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A Drug That Reverses Opioid Overdoses Has Become Easier To Access

CHICAGO (CBS) -- A dull, glazed expression washes over his eyes. His lips swell with tints of blue. His body turns limp and unresponsive, until finally, he collapses.

Jessica Goodman witnessed her friend experiencing the symptoms of an opioid overdose. She said she quickly rummaged through her purse for a nasal spray bottle filled with naloxone, pushed it into his nose, and released its contents. Within seconds her friend regained consciousness.

Naloxone, also known as Narcan, is an opioid overdose antidote helping combat the epidemic.

Traumatic scenes like the one Goodman experienced occur thousands of times each year, but without this life-saving drug, not all end as favorably.

More than 1,000 people died last year from opioid overdoses in Cook County alone, according to a 2018 Illinois Department of Public Health report.


Nationwide, nearly 48,000 people died from an overdose the year prior. West Virginia and Ohio led with over 45 deaths per 100,000 residents -- Illinois had less than half that amount.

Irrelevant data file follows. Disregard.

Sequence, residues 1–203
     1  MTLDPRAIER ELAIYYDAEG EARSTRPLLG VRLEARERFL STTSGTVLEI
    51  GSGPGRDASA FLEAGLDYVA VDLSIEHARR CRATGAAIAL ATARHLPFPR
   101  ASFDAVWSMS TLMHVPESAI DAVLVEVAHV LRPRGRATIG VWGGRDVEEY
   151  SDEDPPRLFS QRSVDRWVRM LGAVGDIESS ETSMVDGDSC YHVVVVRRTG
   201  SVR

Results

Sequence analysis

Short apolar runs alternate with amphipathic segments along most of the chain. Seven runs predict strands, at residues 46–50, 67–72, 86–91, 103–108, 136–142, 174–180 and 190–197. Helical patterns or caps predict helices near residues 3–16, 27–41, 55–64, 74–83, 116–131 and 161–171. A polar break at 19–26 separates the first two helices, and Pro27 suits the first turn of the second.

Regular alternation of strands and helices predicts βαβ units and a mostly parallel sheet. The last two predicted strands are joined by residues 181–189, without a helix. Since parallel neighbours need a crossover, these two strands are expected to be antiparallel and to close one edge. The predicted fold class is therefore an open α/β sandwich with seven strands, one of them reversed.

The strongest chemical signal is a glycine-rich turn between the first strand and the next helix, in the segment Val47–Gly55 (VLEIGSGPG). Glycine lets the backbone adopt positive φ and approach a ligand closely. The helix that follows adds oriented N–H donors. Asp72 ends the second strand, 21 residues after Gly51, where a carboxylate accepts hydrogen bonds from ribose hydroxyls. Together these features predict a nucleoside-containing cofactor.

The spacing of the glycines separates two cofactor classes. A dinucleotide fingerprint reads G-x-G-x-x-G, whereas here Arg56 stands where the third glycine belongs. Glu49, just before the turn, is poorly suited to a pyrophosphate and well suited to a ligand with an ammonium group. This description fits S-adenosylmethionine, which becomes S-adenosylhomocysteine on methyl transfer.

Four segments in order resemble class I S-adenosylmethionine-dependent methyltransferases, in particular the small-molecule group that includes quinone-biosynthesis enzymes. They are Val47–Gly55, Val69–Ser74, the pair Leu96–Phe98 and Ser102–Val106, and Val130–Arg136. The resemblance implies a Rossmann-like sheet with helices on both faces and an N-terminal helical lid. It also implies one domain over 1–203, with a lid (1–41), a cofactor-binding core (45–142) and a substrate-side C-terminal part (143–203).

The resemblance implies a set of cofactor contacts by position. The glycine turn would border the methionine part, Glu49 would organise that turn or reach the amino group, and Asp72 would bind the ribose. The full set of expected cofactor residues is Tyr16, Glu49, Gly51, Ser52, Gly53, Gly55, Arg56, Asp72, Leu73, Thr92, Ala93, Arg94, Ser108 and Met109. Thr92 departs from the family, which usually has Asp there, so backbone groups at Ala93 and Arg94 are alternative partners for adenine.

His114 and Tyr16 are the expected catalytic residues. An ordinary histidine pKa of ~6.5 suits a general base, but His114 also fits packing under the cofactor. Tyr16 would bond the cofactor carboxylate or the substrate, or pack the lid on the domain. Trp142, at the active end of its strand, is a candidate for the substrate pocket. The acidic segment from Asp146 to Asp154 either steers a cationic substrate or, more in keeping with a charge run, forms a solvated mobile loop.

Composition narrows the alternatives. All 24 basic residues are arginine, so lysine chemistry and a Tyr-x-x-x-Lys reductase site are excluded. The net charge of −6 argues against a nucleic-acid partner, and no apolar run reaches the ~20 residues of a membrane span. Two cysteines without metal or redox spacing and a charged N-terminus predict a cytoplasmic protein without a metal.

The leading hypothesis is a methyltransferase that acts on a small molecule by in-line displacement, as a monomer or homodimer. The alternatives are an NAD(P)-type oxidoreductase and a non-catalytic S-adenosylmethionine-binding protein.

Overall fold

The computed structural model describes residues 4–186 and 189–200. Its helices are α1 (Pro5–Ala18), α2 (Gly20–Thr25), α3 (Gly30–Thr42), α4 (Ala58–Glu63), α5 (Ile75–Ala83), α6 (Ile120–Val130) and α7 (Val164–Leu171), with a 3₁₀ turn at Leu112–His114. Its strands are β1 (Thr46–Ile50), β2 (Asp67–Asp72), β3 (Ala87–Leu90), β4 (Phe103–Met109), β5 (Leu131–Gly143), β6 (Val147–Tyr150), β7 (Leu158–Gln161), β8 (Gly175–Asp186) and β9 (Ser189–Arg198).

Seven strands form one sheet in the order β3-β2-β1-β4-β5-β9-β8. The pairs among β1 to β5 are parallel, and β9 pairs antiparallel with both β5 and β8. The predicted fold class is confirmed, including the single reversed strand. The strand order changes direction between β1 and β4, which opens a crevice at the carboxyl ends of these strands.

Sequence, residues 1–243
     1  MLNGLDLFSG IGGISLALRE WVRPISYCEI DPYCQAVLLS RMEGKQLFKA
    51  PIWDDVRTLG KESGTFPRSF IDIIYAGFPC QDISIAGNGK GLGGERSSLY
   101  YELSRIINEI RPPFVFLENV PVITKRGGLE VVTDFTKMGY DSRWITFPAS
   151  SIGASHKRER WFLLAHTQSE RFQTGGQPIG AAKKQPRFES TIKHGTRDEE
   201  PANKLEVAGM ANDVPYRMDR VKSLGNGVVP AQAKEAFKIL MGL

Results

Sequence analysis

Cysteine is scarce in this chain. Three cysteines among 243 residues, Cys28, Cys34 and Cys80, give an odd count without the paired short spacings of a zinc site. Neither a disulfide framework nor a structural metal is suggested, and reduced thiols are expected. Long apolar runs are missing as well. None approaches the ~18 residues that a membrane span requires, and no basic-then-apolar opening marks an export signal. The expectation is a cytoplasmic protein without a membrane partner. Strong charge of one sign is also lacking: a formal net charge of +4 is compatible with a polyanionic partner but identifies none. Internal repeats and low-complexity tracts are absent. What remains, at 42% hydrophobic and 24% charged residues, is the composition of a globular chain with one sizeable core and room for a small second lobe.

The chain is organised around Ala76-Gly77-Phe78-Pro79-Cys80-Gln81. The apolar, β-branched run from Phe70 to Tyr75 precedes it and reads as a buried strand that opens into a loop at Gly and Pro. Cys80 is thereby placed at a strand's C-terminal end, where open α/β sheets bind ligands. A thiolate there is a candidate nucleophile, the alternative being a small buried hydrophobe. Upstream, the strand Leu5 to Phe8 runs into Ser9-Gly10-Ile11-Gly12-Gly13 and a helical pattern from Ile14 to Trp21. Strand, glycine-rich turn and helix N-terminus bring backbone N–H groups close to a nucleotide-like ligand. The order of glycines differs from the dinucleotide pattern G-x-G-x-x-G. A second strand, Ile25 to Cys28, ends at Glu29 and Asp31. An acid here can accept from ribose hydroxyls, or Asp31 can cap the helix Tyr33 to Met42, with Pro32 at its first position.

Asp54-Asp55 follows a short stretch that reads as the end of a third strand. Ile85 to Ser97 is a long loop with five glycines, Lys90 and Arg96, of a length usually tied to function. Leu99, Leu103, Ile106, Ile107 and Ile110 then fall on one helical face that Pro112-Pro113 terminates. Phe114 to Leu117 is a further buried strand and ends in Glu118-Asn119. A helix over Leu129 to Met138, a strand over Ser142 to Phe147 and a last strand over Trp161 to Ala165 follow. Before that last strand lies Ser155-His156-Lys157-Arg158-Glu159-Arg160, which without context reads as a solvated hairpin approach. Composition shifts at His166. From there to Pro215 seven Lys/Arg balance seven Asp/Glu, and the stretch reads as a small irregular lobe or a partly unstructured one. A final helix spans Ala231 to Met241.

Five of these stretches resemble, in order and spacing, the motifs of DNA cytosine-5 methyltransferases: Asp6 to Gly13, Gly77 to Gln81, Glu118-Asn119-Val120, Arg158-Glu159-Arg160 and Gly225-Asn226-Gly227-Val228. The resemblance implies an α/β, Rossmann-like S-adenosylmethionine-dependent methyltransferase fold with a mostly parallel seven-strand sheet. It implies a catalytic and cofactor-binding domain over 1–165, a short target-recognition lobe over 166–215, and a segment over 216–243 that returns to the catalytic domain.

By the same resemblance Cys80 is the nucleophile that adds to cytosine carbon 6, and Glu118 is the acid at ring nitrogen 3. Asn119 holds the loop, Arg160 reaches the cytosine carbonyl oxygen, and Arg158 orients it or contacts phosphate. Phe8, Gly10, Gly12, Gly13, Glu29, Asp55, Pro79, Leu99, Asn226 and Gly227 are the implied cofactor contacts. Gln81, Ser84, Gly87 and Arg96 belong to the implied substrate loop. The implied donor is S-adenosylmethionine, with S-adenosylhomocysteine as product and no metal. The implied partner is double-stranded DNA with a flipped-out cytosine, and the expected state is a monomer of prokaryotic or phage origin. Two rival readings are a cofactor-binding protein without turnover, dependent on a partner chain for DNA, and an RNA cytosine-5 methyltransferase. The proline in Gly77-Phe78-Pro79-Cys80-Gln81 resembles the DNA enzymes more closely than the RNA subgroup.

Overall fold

Despite its life-saving abilities, naloxone's accessibility remains scarce. But it is being distributed in an unlikely place – Cook County Jail.  

In August 2016, the jail partnered with Cook County Health to distribute nearly 5,000 naloxone kits, and Goodman is among the detainees that have received one.

Once administered, the drug binds to the opioid receptors in the brain, negating the flood of dopamine that opioids release. Naloxone does not create a euphoric sensation, nor does it numb pain.

Oftentimes, it catapults the individual into opioid withdrawal, so they may experience symptoms like extreme nausea or diarrhea.

Cook County Health funded this program until it received over $300,000 in grants from the Illinois Department of Public Health and the Public Health Institute of Metropolitan Chicago this year.

The jail surveyed re-incarcerated detainees over the past three years and found 30% of those given naloxone self-reported using it to reverse an overdose. In all but one of these cases the individuals overdosing were revived.

Supplying detainees with this overdose antidote is crucial, because inmates' tolerance diminishes significantly while behind bars. Once reintegrated into their communities, individuals may use the same dose of opioids that they did before their arrest  – a dangerous recipe for overdosing.

People newly released from prison were 129 times more likely to die from a drug overdose compared with the general population, a Washington State study found. Furthermore, opioid overdoses were the leading cause of death for individuals post-incarceration, said a report the New York Department of Health conducted.

Cook County Sheriff Tom Dart wants to proactively help individuals suffering from addiction and not "spew them back into the community," he said.

As one of the largest jails in the country, Cook County remains the largest jail-based naloxone distribution program, Dart said.